There is, however, much that historians of Pennsylvania can learn from Radiation Nation. For example, it provides helpful context for understanding the response of the Thornburgh administration to TMI and explains why state and local governments proved unable to deal with a conjoined ecological and political threat effectively. Drawing from not only the papers of Governor Thornburgh but also other government documents and contemporary news accounts, Zarestsky clearly shows that the political leadership of the Commonwealth was unprepared to handle this type of crisis and the political backlash that followed. In the moment of the incident, she tells the story of a governor whose response was deeply shaped by imperfect information released by Met-Ed. For example, he was not told until after the fact of a release of radioactive water into the Susquehanna River by utility officials to help cool the reactor’s core (p. 67). She also argues that the administration’s response was shaped by a fundamental lack of knowledge about the nuclear industry. From the governor down his line of advisors, none had the knowledge needed to navigate this type of crisis effectively. This, she argues, “exposed the dependency of elected officials on unelected technical experts,” forcing the governor to interpret what “he called ‘a kaleidoscope of signals’” (p. 71). Moreover, this expert advice was not always politically feasible to enact without causing widespread panic—such as the suggestion by the Nuclear Regulatory Commission in Washington to evacuate the area surrounding the plant. This story allows her to dig into the decision-making nexus at the state level and helps the reader to see the confluence of corporate and political self-interest. In short, she argues, “the accident thus created a crisis of visibility in which engineers, public officials, reporters, scientists, and the public were hungry for information about something they could not see” (p. 72). This set of relationships between public and private, between state and federal, and between elected officials and unelected experts is one that has generated significant interest within the history of science but could be further explored at the Commonwealth level, particularly from the 1970s onward. Radiation Nation’s approach to this story provides a model that other historians can build on to study public health and natural disasters in the state, as well as the growing relationship between large corporations, not-for-profit enterprises, and state and local governments.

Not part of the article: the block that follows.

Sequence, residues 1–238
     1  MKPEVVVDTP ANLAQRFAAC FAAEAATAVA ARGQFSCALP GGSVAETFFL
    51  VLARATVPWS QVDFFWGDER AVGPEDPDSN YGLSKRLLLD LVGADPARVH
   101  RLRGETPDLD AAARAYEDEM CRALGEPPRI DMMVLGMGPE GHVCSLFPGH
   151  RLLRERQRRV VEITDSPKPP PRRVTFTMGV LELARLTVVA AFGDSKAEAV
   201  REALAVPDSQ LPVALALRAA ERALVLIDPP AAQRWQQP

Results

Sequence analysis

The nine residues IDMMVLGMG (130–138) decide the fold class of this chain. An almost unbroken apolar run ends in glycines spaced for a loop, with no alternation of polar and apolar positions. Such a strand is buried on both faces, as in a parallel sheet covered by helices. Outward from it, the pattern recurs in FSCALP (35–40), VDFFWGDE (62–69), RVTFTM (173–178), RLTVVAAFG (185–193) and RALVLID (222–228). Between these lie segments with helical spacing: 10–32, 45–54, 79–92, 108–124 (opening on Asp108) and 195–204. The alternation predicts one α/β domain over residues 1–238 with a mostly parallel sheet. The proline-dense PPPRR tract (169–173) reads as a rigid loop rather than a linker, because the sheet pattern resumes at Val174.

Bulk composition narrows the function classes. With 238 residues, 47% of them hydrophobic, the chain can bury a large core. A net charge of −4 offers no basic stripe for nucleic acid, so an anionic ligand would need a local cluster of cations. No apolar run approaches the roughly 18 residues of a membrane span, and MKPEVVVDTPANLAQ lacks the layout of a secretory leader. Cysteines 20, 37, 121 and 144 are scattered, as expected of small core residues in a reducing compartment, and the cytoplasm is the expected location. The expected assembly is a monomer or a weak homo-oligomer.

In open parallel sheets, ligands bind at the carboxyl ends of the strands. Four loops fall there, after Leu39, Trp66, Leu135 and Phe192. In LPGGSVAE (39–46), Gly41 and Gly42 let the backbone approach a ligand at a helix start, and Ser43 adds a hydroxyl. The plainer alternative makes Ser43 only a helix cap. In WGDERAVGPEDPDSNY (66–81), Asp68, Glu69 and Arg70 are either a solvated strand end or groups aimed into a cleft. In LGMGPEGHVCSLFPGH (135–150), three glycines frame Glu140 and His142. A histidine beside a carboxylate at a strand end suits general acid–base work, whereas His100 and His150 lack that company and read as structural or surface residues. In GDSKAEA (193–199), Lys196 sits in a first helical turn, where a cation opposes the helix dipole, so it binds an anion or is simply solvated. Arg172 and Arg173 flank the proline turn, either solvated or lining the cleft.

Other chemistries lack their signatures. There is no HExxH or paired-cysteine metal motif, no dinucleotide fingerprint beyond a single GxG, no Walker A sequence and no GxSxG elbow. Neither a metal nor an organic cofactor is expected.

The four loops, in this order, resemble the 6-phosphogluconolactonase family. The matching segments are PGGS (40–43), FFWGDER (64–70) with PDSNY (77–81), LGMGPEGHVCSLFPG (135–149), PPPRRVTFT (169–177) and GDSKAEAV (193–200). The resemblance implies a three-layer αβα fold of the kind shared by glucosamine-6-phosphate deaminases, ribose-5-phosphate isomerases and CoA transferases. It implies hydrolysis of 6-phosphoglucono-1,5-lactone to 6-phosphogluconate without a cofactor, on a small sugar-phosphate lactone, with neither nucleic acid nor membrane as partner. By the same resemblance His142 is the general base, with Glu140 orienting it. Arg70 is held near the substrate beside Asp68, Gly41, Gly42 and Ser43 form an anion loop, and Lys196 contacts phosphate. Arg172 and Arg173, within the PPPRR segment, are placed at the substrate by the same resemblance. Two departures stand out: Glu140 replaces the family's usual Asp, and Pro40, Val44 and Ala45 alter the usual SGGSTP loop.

This book is well sourced, drawing from a significant number of archival collections, government reports, and contemporary publications. Her illustrations also help to provide context for the story. A helpful bibliography is provided in addition to the notes, which, along with its manageable length, makes this an easy book to use in a graduate or advanced undergraduate classroom.
Radiation Nation is an engaging and thought-provoking story that helps readers to rethink the roots of the conservative political turn. The focus on biotic nationalism, health, and activism complements several decades of scholarship on the diverse and local roots of the American conservative movement. Moreover, it reminds us of the important role of small urban and rural areas of the country for advancing a particular vision of activism. Finally, for historians of the Commonwealth of Pennsylvania, it helps us to rethink the story of state and local governments, and how they made decisions in the postindustrial era.
. Lisa McGirr’s Suburban Warriors: The Origins of the New American Right (Princeton, NJ: Princeton University Press, 2001) helped to pioneer this fruitful examination of the linkage between gender and conservative activism. In the several decades since McGirr’s book was published this has become an important area of study. See examples including Michelle M. Nickerson, Mothers of Conservatism: Women and the Postwar Right (Princeton, NJ: Princeton University Press, 2012); Donald T. Critchlow, Phyllis Schlafly and Grassroots Conservatism: A Woman’s Crusade (Princeton, NJ: Princeton University Press, 2008); and Bethany Moreton, To Serve God and Wal-Mart (Cambridge, MA: Harvard 2009).
. See also Kate Brown, Plutopia; Nuclear Families, Atomic Cities, and the Great Soviet and American Plutonium Disasters (New York: Oxford University Press, 2013); James Longhurst, Citizen Environmentalists (Medford, MA: Tufts University Press, 2010); and Andrew Hurley, Environmental Inequalities: Class, Race, and Industrial Pollution in Gary, Indiana, 1945-1980 (Chapel Hill: University of North Carolina Press, 1995).
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Andrew Simpson. Review of Zaretsky, Natasha, Radiation Nation: Three Mile Island and the Political Transformation of the 1970s.